Skoči na glavni sadržaj

Izvorni znanstveni članak

The Cult of St Stephen the First Martyr in Early Medieval Dubrovnik: Martyrdom in the Foundations of the City, Commune and (Arch)Diocese

Zdenka Janeković Römer orcid id ; Zavod za povijesne znanosti HAZU u Dubrovniku, Dubrovnik, Hrvatska

Puni tekst: hrvatski pdf 339 Kb

str. 9-28

preuzimanja: 977



St Stephen is the first saint mentioned in the written historical sources on Dubrovnik, in the account of the Byzantine emperor Constantine Porphyrogenitus, who associated the development of the city with the cult of this martyr and his church in which the relics of St Pancratius were kept. According to Ragusan chronicles, starting from Miletius, the relics of other Roman martyrs, the first city protectors, were also kept at the mentioned church. This fact the chroniclers relate to the founding of the city. What needs to be elucidated here is as to how the cult of St Stephen the First Martyr became related to the development of the city, and where exactly it had come from, Constantinople or Rome. In support of the assumption that the cult of this saint spread to Dubrovnik from Rome, despite his veneration throughout the Byzantine Empire, is the cult of St Pancratius, also martyr, a cult of Roman provenance, followed by the cults of the Saints Nereus, Achilleus, Domitilla and Petronilla. Given the fact that all these Roman saints are connected with the church of St Stephen, there is reason to assume that this cult, too, was promoted in Dubrovnik within the papal policy towards the city and region as a whole. This is further confirmed by the legend of Pavlimir, founder of the city, who arrived from Rome, bringing holy relics with him. Ragusan chronicles tend to emphasise Epidaurian tradition and the arrival of Pavlimir from Rome, while the group of Roman saints sanctifies Roman tradition, and is most closely related to the foundation myths. Before St Blaise, bishop from the East, was chosen as a symbol of the city, patron saints of Dubrovnik were generally of Roman provenance. This Roman policy was mainly adopted by the bishops who had strong influence in the cities in the period marked by dissolution of old municipal structures and the weakening of public administration. Midst the upheavals of late antiquity and early Middle Ages, the Church managed to maintain continuity and was replacing ancient organisation of the civil government as a strong and stable institution around which the society gathered, gradually creating new political forms and social relations. The bishops mainly leaned on the cult of the saints through the acquisition of relics and promotion of cults that best conveyed specific political goals. Early Dubrovnik cults were strongly linked to papal policy and diocesan jurisdiction. The construction of the city’s identity was inseparable from the religious feeling, church identity and the value of Christianity upon which the communal elite built its ethics and ideology. This harmony is most vividly displayed in the cult of the city’s patron saints, who at the same time were the foundations and backbone of the community’s unity. The Church, patron saint and lay community moulded a unique feeling of belonging, self-consciousness and identity. The cult of St Stephen and the saint’s church with the first reliquary of medieval Dubrovnik constituted a stronghold of thus shaped policy of the Dubrovnik commune and Church, as well as that of the Church of Rome.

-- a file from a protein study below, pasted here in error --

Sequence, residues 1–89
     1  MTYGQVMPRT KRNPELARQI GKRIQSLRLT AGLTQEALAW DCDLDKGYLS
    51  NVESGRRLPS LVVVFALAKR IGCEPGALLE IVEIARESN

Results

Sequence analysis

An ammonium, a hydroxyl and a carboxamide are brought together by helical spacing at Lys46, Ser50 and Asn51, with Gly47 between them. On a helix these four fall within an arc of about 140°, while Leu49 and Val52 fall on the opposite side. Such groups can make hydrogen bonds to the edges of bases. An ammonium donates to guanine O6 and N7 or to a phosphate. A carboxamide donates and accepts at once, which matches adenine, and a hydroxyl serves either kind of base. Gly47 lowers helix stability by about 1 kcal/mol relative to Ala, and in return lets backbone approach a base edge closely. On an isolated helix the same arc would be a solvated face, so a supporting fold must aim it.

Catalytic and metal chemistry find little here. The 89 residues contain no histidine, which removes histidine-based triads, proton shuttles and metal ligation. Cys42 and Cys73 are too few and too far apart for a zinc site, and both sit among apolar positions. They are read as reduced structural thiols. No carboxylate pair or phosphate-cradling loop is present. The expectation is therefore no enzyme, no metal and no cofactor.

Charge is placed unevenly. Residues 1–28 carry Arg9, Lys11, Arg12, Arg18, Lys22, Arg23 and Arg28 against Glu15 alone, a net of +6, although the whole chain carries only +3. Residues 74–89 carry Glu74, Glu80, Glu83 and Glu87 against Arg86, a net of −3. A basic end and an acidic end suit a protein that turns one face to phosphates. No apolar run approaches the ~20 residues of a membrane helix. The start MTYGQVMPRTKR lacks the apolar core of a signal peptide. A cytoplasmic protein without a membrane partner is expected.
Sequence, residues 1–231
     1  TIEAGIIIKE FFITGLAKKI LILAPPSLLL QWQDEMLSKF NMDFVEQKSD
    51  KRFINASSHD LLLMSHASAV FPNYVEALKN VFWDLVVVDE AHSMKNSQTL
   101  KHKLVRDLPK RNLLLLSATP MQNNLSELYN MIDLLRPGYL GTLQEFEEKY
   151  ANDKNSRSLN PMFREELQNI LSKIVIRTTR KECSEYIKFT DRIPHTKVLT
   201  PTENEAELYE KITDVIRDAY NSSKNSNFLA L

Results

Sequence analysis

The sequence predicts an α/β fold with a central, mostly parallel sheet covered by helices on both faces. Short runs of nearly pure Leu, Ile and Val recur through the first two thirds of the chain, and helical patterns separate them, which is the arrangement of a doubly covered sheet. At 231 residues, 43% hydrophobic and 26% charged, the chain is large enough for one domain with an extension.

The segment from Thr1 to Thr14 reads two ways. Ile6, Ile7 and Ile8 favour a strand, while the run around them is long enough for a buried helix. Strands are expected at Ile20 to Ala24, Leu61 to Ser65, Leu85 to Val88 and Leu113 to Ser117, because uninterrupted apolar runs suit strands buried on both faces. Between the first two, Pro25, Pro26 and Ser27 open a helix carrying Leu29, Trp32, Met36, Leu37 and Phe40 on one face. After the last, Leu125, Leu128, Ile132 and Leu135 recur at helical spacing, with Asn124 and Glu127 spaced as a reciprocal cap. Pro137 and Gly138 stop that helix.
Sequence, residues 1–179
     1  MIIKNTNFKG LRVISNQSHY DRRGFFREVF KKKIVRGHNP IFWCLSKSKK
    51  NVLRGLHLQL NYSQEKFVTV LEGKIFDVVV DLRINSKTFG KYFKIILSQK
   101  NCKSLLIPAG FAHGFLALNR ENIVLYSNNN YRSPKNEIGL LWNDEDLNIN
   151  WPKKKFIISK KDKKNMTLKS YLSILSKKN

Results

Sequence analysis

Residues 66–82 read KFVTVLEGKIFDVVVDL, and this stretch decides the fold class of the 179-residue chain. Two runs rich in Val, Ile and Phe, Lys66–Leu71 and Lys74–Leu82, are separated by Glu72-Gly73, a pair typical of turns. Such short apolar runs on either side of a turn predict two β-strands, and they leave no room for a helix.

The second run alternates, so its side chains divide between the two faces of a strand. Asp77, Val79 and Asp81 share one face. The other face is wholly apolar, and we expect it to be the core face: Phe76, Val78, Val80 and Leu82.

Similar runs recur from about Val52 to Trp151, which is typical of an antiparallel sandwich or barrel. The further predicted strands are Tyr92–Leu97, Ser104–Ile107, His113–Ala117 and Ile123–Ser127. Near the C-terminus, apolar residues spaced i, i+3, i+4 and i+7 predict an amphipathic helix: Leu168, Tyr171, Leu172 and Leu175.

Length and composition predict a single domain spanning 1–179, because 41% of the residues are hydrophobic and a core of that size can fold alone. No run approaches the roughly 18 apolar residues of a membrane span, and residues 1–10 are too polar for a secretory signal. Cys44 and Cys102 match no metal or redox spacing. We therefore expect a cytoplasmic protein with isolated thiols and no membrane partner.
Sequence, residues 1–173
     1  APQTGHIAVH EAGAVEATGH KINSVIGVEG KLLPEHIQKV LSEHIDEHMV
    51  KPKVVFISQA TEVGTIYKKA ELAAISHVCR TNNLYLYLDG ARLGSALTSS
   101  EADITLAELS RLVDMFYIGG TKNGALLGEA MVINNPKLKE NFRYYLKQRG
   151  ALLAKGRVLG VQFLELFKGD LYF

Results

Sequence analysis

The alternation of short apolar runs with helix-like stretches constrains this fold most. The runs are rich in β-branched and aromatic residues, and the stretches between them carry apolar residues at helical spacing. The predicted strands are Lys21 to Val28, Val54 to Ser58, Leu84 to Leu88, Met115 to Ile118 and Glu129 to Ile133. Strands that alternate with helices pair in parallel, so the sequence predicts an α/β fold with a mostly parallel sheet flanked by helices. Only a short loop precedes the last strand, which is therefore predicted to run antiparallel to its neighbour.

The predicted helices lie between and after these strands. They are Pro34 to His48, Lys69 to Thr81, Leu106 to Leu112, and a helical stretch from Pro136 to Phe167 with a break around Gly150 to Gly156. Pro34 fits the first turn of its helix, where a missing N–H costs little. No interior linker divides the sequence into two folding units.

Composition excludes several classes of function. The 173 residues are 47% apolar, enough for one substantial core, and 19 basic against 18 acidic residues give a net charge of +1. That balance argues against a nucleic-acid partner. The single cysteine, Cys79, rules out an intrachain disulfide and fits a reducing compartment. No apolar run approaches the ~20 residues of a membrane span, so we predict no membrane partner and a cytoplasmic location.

Ključne riječi

Middle Ages; Dubrovnik; cult of saints; relics; the foundation of the city; Roman church; (Arch)diocese of Dubrovnik; the commune of Dubrovnik

Hrčak ID:



Datum izdavanja:


Podaci na drugim jezicima: hrvatski

Posjeta: 2.111 *